the Great Victory
The Yalta (Crimean) Conference of the Allied Powers (February 4–11, 1945) —the second multilateral meeting of the leaders of the three countries of the anti-Hitler coalition — the USSR, the USA, and Great Britain — during the Second World War, dedicated to the establishment of the post-War world order. The conference was held in the Livadia (White) Palace in the village of Livadia, 3 km from Yalta (Crimean ASSR, RSFSR, USSR). The Yalta Conference of the USA, the USSR and Great Britain leaders was of great historical significance. It was one of the major international wartime meetings, an important milestone in cooperation of the anti-Hitler coalition Powers in waging war against the common enemy. The adoption of agreed at the conference decisions once more showed the possibility of cooperation between the states with various social systems. This was one of the last conferences of the prenuclear era. The bipolar world created in Yalta and the division of Europe into east and west had been preserved for more than 40 years, until the late 1980s.
The Yalta Conference held February 4–11, 1945
Impressed by the meeting of leaders of the three countries of the anti-Hitler coalition in Yalta on February 4-11, 1945, the artist sculptor Alexander Grube performed the work “Stalin, Roosevelt and Churchill”. The composition, created in 1945 according to one of the numerous photographs of those years and depicting the allies sitting in armchairs, is a sketch for an unrealized monument.
Alexander Grube (1894-1980) - Belarusian and Russian sculptor, people's artist of the Belarussian SSR (1944). Born in the village of Grigoryevka, Bashkir Autonomous Soviet Socialist Republic. Studied at St. Petersburg University. A self-taught sculptor. Attended sculptural class in the Leningrad Academy of Arts, followed the advice of Ivan Shadr (in Moscow). Worked in Belorussia since 1918, since 1941 - worked in Moscow. Taught at school in Krasnopolye, the Mogilev region (1918-1922). Participated in art exhibitions since 1925. In 1927-1929 - one of the organizers and a chair of the All-Belarusian Association of Artists. Member of the Belarusian Union of Artists (1940). Chair of the Board of the Union of Artists of the Belarussian SSR (1942-1944). Worked in Moscow since 1945. Worked in the sphere of indoor composition, relief and monumental sculpture. Was influenced by the Belarusian folk wooden sculpture.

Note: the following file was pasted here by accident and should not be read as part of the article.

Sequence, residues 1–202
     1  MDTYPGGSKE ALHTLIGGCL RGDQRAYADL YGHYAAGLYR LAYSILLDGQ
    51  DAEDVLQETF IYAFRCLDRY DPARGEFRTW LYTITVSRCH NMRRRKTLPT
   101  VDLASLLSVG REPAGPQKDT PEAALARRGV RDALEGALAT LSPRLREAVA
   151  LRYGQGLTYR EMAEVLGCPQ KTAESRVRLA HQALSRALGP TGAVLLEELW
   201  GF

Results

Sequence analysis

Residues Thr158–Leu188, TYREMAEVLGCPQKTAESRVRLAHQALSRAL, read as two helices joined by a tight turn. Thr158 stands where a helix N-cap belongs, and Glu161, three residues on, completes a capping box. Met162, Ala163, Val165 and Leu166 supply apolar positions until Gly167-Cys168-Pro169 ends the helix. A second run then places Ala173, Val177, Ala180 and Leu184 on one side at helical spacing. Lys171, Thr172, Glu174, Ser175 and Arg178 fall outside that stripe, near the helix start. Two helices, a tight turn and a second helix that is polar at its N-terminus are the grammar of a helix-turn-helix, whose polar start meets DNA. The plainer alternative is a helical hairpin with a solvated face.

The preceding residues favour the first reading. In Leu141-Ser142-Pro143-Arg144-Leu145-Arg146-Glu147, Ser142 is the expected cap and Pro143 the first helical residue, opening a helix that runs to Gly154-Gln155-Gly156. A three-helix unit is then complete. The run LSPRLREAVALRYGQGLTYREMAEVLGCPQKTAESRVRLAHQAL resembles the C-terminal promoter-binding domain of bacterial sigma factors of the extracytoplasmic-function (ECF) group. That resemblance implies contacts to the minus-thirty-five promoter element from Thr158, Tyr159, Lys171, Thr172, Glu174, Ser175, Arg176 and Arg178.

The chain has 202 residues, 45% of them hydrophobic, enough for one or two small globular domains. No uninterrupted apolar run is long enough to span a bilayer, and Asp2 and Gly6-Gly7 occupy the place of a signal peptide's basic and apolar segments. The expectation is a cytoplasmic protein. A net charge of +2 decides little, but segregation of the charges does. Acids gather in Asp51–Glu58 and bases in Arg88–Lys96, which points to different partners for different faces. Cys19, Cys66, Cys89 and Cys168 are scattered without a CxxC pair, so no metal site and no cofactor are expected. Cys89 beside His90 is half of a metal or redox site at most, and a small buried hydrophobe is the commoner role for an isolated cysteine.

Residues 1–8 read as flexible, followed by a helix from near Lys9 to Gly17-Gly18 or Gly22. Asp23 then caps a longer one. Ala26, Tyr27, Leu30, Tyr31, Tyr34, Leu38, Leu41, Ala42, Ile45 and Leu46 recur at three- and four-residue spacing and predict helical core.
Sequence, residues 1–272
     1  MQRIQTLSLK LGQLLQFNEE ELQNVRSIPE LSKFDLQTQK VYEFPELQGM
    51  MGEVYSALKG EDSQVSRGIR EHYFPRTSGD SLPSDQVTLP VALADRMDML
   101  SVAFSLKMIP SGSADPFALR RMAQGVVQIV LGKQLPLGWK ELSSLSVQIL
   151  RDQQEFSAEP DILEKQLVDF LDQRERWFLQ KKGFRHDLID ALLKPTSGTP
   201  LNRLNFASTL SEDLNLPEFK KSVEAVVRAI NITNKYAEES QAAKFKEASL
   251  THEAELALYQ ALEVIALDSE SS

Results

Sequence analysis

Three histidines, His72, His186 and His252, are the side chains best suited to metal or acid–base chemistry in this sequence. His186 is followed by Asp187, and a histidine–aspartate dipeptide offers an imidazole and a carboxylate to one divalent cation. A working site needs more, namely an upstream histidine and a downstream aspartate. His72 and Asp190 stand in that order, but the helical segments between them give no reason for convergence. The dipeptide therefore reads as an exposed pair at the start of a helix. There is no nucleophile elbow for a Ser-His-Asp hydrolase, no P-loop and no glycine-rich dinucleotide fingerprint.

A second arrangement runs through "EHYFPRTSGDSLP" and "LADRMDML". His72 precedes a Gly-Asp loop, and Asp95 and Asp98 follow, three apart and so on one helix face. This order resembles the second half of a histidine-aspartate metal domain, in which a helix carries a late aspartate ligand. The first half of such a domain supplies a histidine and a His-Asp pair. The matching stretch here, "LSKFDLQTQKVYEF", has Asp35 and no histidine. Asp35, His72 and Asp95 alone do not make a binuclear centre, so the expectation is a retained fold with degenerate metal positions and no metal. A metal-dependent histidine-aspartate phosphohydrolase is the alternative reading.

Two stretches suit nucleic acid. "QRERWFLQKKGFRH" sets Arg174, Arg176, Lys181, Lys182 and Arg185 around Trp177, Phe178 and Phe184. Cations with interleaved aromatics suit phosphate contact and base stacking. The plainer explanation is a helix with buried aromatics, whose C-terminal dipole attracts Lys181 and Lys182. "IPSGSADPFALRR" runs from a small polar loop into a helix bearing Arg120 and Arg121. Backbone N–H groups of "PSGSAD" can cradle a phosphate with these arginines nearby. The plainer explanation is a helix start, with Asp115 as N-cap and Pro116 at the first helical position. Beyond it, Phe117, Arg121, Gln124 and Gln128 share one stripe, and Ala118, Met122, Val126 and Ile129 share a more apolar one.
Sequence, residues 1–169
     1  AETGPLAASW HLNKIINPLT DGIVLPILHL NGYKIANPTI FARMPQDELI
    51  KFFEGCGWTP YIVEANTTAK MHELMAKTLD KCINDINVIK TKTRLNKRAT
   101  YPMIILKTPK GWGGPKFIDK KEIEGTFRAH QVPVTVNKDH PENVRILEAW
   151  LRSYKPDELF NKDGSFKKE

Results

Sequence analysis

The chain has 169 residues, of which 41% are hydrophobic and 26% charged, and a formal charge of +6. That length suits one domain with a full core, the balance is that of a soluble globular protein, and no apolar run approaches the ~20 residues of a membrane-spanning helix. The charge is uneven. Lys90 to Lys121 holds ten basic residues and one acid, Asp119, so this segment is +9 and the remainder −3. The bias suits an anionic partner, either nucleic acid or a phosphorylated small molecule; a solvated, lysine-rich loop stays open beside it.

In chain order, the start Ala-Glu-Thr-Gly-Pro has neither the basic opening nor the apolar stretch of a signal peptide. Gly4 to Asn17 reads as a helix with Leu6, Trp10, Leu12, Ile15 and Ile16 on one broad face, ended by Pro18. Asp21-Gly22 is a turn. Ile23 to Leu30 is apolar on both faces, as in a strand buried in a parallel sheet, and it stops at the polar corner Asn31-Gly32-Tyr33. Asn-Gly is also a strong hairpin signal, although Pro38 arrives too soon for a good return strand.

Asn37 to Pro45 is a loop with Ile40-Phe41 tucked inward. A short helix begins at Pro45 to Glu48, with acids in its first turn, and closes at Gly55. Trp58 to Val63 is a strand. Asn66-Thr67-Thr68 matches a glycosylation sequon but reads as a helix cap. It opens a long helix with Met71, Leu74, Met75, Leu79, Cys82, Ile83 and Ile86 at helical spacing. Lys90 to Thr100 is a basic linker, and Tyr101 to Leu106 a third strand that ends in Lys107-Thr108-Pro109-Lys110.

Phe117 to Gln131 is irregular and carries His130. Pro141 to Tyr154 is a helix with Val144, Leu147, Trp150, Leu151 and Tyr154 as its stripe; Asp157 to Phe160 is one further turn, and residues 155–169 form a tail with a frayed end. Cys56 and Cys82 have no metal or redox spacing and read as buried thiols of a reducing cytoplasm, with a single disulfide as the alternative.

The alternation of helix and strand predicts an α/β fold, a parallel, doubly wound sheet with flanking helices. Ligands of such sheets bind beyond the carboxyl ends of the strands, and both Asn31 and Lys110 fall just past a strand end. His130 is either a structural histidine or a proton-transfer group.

The sculpture “Stand to Death”, a reduced model of which is stored in the museum Collection exposition, is the compositional center of the eponymous square of the grandiose memorial “To the Heroes of the Stalingrad Battle” on the Mamayev Kurgan. It symbolizes the most difficult period of the Stalingrad Battle. The ensemble of the square was built in 1959-1967 within the framework of the entire complex construction, which was realized according to the sculptor E.V. Vuchetich project. The central part of the square surface, paved with granite of the total area of 4.22 thousand square meters, is occupied by a circular pool of 35.2 m diameter that symbolizes the Volga river. The figure of a Russian warrior-hero, 16.5 m high, as if rooted in the Volga bank, is in its center. The soldier’s right hand squeezes a grenade; his left hand holds an assault rifle. His native land and waters give him strength to repel the enemy. The inscriptions are on the concrete block: “Not a step back!”, “Stand to death!” - extracts from the Order No. 227, which was issued during the most trying period of the bat Stalingrad battle.
According to E. Vuchetich conception, the sculpture of the Motherland defender growing out of earth turns into an indestructible rock, the bastion on the enemy’s path. It is located in such a way that it shields the monument “The Motherland” standing in the distance.
It is considered that the authors of the monument allotted the warrior with the facial resemblance of Marshal of the Soviet Union, the 62nd Army commander, Vasily Ivanovich Chuikov.
The memorial construction started in 1959 and lasted for 8 years. On October 15, 1967, the monument was solemnly unveiled. Building the memorial, the authors sought to reconstruct the images of the heroic Motherland defenders, to manifest the future generations their great aspiration to win; to provide means of experiencing the atmosphere of fighting in the great battle on the Volga and to let a contemporary to feel like the participant of the Stalingrad Battle.
The memorial features a series of architectural and extensional links as if beaded together on a single axis. As one ascends the mound, more and more new elements and compositions of the memorial are disclosed, the center of which is the sculpture "The Motherland Calls" that dominates the city (according to the original design, a two-figure composition was to crown the hill: the Motherland figure with the Victory banner in its right hand and sheaves of ears in its left hand and a soldier with automatic rifle, kneeling and kissing the ears. Later author’s intention changed. Despite the fact that the victory in the Stalingrad Battle marked a drastic turning point during the Great Patriotic War, the final victory was still far away). Sculptor Yevgeny Vuchetich noted about his work: “The warriors laid their heads in the name of life triumph, in the name of the victory over evil forces, violence and death. This was the meaning of their sacrifice and exploits. This constitutes the main content of the ensemble”. This idea pierces all components of the memorial complex: “Stand to Death” Square, “Walls-Ruins”, “The Heroes' Square”, “Hall of Military Glory”, “The Square of Sorrow” and the central sculptural monument - “The Motherland Calls!".